Fourth Vice President of the Republic
Edward Burleson was known as the man who “had killed more Indians and Mexicans than any other Texan”, when he ran against Anson Jones for the Presidency of the Republic of Texas in 1844.
Born in 1793 in Buncombe County, North Carolina, Burleson moved with his family to Alabama, where he married Sarah Owen of Madison County in 1813. Burleson gained a reputation as a military leader at an early age, first in command of a company of militia in Howard County, Missouri, and then as colonel of a frontier regiment in Hardeman County, Tennessee.
Burleson came to Texas in 1830 and settled on land in present Bastrop County on the Colorado River, as a part of Stephen F. Austin’s second colony. When the Texas revolution broke out, Burleson was made second in command to Stephen Austin. He was in command of the forces that participated in the taking of San Antonio in the fall of 1835, and later commanded the first regiment of volunteers at the Battle of San Jacinto. He was with that small band at Gonzales that raised the “Come and Take It” cannon flag and, on October 2, 1835, he saw Eli Mitchell fire the first cannon shot of the Texas Revolution. In November 1835, as the Texas Army besieged the Mexican force at Bexar, Colonel Burleson’s popularity with the men got him elected to succeed Austin as Commander. At the Battle of San Jacinto, Burleson commanded the First Regiment of Texas Volunteers. As a brigadier general in 1839, he led his regiment in the Cherokee War and, during the Mexican War, he served under Governor J. Pinckney Henderson.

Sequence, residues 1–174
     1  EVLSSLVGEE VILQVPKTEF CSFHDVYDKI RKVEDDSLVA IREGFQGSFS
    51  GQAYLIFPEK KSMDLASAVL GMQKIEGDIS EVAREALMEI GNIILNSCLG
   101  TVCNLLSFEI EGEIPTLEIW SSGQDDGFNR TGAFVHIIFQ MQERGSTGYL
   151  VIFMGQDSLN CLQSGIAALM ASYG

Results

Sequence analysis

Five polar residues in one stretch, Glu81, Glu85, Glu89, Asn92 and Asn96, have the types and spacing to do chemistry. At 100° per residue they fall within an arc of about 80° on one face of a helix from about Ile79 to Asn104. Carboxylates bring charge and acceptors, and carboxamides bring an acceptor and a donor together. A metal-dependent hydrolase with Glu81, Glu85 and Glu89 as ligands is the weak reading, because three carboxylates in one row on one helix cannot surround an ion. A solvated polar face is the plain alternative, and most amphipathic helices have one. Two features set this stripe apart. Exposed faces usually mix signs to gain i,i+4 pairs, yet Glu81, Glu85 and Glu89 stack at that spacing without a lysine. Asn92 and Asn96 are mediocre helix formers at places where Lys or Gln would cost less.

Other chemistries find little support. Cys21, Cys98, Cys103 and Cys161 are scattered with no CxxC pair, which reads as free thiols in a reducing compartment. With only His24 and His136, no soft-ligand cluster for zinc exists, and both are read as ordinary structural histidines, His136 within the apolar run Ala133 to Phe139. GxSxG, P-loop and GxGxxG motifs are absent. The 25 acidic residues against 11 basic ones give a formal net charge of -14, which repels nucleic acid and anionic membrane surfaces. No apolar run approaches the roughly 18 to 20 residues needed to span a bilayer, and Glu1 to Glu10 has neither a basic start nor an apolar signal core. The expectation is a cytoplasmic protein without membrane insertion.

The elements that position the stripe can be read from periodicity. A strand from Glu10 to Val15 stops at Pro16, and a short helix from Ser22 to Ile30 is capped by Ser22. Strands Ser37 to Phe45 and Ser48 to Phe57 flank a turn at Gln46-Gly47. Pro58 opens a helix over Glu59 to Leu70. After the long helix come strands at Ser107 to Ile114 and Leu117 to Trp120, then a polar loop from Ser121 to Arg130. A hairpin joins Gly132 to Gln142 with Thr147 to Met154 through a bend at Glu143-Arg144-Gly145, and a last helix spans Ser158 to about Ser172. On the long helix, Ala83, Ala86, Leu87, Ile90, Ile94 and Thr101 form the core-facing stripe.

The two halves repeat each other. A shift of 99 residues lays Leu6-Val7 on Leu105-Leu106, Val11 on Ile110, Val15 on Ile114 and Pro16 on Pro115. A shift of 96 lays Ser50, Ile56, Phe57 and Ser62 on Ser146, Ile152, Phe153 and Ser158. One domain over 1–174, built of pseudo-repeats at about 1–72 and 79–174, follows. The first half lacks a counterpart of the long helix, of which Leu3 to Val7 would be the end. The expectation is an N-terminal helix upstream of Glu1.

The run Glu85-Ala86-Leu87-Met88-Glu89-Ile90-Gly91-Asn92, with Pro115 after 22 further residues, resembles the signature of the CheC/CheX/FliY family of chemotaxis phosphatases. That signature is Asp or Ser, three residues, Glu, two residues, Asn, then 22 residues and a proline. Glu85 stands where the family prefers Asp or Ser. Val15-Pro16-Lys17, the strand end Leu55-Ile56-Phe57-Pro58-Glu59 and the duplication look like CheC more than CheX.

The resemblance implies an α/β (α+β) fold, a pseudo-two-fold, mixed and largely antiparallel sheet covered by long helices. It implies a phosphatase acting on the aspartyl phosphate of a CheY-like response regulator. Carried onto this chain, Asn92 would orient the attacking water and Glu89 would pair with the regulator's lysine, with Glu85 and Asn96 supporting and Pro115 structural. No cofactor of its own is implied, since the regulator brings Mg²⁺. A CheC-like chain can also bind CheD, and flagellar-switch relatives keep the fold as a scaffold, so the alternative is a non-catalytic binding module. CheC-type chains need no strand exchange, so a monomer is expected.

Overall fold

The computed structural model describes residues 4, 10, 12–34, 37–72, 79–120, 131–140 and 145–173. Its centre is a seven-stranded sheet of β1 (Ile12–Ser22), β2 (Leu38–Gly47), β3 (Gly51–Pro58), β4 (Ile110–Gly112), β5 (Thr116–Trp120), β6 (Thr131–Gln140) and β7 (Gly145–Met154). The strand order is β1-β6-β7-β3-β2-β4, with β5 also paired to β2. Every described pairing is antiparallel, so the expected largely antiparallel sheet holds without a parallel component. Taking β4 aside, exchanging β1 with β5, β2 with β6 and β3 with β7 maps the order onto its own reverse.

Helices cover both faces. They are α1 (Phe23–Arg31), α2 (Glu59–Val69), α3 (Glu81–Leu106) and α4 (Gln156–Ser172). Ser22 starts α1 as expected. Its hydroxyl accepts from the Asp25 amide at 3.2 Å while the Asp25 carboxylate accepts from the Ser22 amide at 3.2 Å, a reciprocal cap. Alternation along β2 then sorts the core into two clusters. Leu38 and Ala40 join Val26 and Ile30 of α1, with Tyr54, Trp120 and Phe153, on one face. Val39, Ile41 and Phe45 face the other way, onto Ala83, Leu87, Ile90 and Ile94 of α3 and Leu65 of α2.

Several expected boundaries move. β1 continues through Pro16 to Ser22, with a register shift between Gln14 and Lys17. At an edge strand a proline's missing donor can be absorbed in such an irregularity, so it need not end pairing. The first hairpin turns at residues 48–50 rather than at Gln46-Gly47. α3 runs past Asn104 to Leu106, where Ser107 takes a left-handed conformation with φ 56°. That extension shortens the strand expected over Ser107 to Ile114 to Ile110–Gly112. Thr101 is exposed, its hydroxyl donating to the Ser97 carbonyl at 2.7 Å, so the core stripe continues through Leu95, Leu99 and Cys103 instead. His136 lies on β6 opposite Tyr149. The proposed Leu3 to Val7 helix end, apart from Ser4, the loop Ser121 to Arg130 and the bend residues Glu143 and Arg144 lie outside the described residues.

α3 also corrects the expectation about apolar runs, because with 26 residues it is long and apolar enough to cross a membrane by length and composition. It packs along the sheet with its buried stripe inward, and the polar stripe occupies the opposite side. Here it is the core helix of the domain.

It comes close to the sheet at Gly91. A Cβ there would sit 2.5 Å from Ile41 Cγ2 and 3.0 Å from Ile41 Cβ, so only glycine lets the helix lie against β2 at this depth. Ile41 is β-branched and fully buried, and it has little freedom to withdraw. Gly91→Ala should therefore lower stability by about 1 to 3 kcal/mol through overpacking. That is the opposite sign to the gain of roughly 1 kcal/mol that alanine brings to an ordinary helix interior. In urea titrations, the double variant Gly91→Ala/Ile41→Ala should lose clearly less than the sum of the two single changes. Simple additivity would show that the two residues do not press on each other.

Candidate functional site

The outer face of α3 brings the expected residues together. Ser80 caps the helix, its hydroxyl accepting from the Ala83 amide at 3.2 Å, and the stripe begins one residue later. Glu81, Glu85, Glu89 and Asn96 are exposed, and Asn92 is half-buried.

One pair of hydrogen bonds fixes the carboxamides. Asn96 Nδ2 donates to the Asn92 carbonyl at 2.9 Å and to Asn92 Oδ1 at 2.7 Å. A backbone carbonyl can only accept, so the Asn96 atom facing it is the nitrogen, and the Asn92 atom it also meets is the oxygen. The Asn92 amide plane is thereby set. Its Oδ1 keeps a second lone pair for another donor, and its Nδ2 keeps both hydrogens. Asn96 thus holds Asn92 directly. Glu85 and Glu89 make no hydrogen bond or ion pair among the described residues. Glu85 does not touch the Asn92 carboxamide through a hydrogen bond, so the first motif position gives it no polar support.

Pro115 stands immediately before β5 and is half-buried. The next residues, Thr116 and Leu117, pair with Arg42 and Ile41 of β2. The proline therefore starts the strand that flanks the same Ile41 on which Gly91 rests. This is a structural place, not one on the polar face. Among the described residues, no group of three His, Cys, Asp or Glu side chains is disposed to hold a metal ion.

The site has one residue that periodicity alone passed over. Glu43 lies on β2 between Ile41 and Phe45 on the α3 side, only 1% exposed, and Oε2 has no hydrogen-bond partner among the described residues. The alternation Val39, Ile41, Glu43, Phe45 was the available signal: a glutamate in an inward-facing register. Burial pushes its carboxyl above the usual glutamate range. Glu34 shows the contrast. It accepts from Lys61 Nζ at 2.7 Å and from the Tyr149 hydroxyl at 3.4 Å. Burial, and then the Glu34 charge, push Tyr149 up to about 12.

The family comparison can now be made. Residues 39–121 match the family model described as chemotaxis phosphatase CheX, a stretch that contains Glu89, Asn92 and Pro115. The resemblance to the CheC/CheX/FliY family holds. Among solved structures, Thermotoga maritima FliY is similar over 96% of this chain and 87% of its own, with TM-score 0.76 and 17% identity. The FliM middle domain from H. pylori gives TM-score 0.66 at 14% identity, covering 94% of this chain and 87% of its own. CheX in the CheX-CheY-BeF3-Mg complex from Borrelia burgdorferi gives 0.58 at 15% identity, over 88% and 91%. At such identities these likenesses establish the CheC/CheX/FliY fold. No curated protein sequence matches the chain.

After Texas won independence, Burleson was appointed Brigadier General in charge of the limited forces of the Republic of Texas. He was very active from 1838 through 1841 in the challenging task of protecting the frontier from Mexican and Indian depredations.
After serving in the Congress of the Republic, in the fall of 1841 he was elected Vice-President of the Republic of Texas, however, he returned to the field in 1842 to repel the Mexican invasions under Rafael Vasquez and Adrian Woll. During the Mexican-American war, Burleson enlisted as a private soldier and fought at Monterrey. In 1844 he ran against Anson Jones for the Presidency. A supporter of Mirabeau Lamar’s Policy of extermination of the Indian, Burleson was defeated largely through the efforts of that old adopted Cherokee, Sam Houston.
After annexation, Burleson remained active in politics and was elected to the Texas Senate, where he served as President Pro Tempore until his death in December 1851. A member of McFarland Lodge No. 3 at San Augustine, he was buried with Masonic honors at the State Cemetery by Austin Lodge No. 12.
* Portions From The Texas Mason
By Pete Normand, PM
Texas Lodge of Research
Read More About Edward Burleson
* The Texas Masons
The Fraternity of Ancient Free & Accepted Masons in the History of Texas
by Pete Normand, © 1986
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